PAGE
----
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Thermodynamic analysis of an ecologically restored plant community:Theoretical basis
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  • Mingli Chen,
  • Zijian Wu,
  • Xinxi Fu,
  • Linnan Ouyang,
  • Xiaofu Wu
Mingli Chen
Central South University of Forestry and Technology

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Zijian Wu
Hunan Academy of Forestry Science
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Xinxi Fu
Central South University of Forestry and Technology
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Linnan Ouyang
China Eucalypt Research Centre, State Forestry and Grassland Administration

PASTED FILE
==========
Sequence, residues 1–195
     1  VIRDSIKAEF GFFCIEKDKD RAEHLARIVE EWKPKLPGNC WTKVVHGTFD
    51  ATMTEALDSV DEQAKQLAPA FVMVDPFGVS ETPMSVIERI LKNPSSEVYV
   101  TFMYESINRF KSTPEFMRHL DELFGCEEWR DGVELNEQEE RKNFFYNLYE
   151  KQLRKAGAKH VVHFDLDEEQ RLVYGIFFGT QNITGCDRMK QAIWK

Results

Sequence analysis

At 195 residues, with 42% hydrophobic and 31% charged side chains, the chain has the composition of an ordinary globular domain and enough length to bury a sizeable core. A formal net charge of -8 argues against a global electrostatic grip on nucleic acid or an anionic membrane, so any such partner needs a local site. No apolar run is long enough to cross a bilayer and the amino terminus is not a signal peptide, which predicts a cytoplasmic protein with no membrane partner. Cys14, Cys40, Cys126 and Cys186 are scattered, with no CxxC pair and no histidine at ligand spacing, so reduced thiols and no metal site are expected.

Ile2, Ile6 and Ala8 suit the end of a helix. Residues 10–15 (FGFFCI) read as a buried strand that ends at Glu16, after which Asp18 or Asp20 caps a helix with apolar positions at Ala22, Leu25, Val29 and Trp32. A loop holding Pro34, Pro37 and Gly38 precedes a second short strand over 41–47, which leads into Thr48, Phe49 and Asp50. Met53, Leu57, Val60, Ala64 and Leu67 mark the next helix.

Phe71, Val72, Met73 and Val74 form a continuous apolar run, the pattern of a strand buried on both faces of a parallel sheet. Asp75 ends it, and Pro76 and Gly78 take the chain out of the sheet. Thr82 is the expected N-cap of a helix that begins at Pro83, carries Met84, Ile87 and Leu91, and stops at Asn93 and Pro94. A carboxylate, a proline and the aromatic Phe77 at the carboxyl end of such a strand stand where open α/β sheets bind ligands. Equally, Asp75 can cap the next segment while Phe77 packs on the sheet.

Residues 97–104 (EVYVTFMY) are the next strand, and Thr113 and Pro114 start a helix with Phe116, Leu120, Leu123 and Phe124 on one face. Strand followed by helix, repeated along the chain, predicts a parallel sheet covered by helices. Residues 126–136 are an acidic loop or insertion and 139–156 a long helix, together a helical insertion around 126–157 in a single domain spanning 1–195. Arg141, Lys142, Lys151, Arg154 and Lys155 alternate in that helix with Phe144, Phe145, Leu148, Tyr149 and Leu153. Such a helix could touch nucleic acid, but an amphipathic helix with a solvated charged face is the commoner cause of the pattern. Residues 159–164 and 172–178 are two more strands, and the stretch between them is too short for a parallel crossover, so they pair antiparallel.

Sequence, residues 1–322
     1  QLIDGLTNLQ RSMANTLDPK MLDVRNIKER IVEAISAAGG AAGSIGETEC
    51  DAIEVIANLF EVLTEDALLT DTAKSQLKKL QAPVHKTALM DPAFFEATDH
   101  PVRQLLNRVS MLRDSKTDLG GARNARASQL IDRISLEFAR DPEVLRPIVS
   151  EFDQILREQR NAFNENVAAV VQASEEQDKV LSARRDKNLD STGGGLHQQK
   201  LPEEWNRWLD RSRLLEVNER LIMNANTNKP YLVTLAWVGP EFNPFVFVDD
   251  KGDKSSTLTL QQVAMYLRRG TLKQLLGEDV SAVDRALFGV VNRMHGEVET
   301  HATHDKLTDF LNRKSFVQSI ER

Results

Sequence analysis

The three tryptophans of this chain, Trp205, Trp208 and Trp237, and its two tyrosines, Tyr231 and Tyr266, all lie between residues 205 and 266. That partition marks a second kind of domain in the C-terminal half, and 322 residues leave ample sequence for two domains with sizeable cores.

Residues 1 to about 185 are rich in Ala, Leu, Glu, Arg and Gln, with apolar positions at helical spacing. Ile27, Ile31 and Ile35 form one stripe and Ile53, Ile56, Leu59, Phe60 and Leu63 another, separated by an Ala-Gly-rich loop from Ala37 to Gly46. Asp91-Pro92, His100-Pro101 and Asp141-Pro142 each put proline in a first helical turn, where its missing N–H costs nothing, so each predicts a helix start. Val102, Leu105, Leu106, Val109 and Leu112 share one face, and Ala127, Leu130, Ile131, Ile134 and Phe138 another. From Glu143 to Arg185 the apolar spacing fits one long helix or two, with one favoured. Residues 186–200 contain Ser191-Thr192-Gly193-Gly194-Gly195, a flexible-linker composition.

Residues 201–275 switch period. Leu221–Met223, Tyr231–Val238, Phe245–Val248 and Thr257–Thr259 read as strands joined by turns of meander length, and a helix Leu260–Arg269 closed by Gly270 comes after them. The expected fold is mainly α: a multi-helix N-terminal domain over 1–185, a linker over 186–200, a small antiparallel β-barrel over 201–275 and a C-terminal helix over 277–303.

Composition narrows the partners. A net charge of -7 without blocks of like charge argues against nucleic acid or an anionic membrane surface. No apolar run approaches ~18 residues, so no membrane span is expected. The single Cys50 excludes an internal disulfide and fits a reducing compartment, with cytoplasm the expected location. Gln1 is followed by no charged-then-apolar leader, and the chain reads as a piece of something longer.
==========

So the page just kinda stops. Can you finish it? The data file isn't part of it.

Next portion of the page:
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The nature of matter and energy exchange of an ecological process defines the applicability of the thermodynamic functions for describing an ecosystem. A plant community is an open system consisting of living species as material components. Following the basic laws of thermodynamics, the enthalpy H stored in biomass form of a plant community will be related to its total equivalent biomass quantity CT, the weighted average standard chemical potential μ0, Gibbs free energy G, entropy S and temperature T by H = G + TS = CTμ0. Using h, f and s to denote H/(RT), G/(RT) and S/R (R denoting the gas constant), respectively, the conventional function can be transformed to h = f + s = CTμ0/(RT). The relation sm/CT = SIm = ln(N) derived from the maximal discrete entropy theorem shows that sm (the maximum s) and SIm (the maximum information entropy) will increase with increase in the total number of species N, suggesting that N has an upper limit Nm subject to regional species resource. As an upper limt of SI and s/CT, ln(N) is applied as a biodiversity index. As an upper limt of ln(N), ln(Nm) can thus be regarded as a biodiversity potential index as it takes into account the available number of species distributed in the surrounding areas of the plant community, showing the potential limit for further increase in its biodiversity. The difference between ln(Nm) and ln(N) dtermines the distribution of H as G and TS, indicating that the internal energy distribution of an acosystem is a function of its productivity and biodiversity. The potential trends of increasing N towards Nm and increasing s towards sm suggest that an ecosystem can possess natural trends towards increase in both its species richness and evenness.